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PLoS One. 2009;4(1):e4248. doi: 10.1371/journal.pone.0004248. Epub 2009 Jan 22.

Recombinant mouse PAP has pH-dependent ectonucleotidase activity and acts through A(1)-adenosine receptors to mediate antinociception.

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  • 1Department of Cell and Molecular Physiology, UNC Neuroscience Center, University of North Carolina, Chapel Hill, North Carolina, USA.

Abstract

Prostatic acid phosphatase (PAP) is expressed in nociceptive neurons and functions as an ectonucleotidase. When injected intraspinally, the secretory isoforms of human and bovine PAP protein have potent and long-lasting antinociceptive effects that are dependent on A(1)-adenosine receptor (A(1)R) activation. In this study, we purified the secretory isoform of mouse (m)PAP using the baculovirus expression system to determine if recombinant mPAP also had antinociceptive properties. We found that mPAP dephosphorylated AMP, and to a much lesser extent, ADP at neutral pH (pH 7.0). In contrast, mPAP dephosphorylated all purine nucleotides (AMP, ADP, ATP) at an acidic pH (pH 5.6). The transmembrane isoform of mPAP had similar pH-dependent ectonucleotidase activity. A single intraspinal injection of mPAP protein had long-lasting (three day) antinociceptive properties, including antihyperalgesic and antiallodynic effects in the Complete Freund's Adjuvant (CFA) inflammatory pain model. These antinociceptive effects were transiently blocked by the A(1)R antagonist 8-cyclopentyl-1, 3-dipropylxanthine (CPX), suggesting mPAP dephosphorylates nucleotides to adenosine to mediate antinociception just like human and bovine PAP. Our studies indicate that PAP has species-conserved antinociceptive effects and has pH-dependent ectonucleotidase activity. The ability to metabolize nucleotides in a pH-dependent manner could be relevant to conditions like inflammation where tissue acidosis and nucleotide release occur. Lastly, our studies demonstrate that recombinant PAP protein can be used to treat chronic pain in animal models.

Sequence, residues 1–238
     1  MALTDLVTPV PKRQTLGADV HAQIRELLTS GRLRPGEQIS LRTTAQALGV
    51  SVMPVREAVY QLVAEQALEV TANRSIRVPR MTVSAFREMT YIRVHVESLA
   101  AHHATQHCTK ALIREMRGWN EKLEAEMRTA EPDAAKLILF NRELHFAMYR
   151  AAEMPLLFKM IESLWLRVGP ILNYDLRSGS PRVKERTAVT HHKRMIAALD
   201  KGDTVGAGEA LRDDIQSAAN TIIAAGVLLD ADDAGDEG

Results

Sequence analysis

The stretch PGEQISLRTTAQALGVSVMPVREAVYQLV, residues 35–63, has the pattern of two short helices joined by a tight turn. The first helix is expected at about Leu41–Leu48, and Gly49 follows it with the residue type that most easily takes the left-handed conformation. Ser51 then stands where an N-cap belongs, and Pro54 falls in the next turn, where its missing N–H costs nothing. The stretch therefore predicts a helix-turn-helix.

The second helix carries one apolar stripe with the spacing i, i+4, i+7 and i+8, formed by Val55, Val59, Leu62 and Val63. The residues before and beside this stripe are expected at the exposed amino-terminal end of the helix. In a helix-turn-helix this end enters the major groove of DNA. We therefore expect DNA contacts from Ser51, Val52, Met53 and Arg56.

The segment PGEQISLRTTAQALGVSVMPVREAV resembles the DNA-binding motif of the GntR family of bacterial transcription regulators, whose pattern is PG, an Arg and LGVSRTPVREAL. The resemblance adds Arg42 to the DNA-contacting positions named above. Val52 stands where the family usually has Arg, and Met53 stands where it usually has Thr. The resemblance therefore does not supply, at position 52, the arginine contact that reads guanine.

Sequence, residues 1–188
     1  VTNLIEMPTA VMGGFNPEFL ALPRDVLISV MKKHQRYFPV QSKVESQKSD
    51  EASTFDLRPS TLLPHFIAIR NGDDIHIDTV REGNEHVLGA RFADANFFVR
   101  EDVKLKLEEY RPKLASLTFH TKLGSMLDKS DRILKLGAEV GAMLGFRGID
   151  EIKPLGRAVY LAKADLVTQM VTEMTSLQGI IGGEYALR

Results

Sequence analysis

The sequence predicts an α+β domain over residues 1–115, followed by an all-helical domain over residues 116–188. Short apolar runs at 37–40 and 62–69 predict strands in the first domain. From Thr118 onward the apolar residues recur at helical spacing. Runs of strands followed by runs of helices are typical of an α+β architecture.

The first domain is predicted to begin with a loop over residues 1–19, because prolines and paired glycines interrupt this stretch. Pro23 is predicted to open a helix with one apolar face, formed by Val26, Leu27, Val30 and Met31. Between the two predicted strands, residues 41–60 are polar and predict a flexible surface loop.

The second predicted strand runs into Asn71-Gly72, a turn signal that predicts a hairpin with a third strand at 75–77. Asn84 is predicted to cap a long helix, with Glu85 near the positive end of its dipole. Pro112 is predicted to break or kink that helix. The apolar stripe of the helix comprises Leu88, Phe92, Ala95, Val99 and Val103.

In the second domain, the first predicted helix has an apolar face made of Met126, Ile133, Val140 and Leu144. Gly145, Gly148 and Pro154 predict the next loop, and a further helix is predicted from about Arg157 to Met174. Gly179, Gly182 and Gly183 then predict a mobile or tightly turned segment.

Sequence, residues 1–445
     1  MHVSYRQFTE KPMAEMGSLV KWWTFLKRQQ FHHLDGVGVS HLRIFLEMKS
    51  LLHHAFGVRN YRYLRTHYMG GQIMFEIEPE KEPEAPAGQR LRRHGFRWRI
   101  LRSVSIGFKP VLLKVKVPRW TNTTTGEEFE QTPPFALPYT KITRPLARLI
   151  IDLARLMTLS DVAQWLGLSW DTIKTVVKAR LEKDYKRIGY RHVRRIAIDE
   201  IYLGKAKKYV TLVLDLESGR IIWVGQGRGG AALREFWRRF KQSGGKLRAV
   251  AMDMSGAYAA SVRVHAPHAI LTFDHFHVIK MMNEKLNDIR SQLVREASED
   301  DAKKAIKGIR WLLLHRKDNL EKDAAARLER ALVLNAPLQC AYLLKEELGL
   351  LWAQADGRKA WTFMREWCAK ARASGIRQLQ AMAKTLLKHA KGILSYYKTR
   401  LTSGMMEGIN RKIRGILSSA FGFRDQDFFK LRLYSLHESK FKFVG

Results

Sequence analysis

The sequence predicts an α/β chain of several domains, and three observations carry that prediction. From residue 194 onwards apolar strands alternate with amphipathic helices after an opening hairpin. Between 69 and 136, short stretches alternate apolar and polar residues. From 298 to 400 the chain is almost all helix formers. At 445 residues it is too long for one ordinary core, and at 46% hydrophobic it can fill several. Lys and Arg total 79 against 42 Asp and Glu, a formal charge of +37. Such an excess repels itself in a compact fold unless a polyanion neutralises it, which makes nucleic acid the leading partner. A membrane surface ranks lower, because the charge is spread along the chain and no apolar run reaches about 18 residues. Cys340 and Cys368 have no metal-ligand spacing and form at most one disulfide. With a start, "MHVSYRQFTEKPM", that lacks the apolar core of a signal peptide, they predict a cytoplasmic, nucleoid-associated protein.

PMID:
19158948
[PubMed - indexed for MEDLINE]
PMCID:
PMC2617779
Free PMC Article

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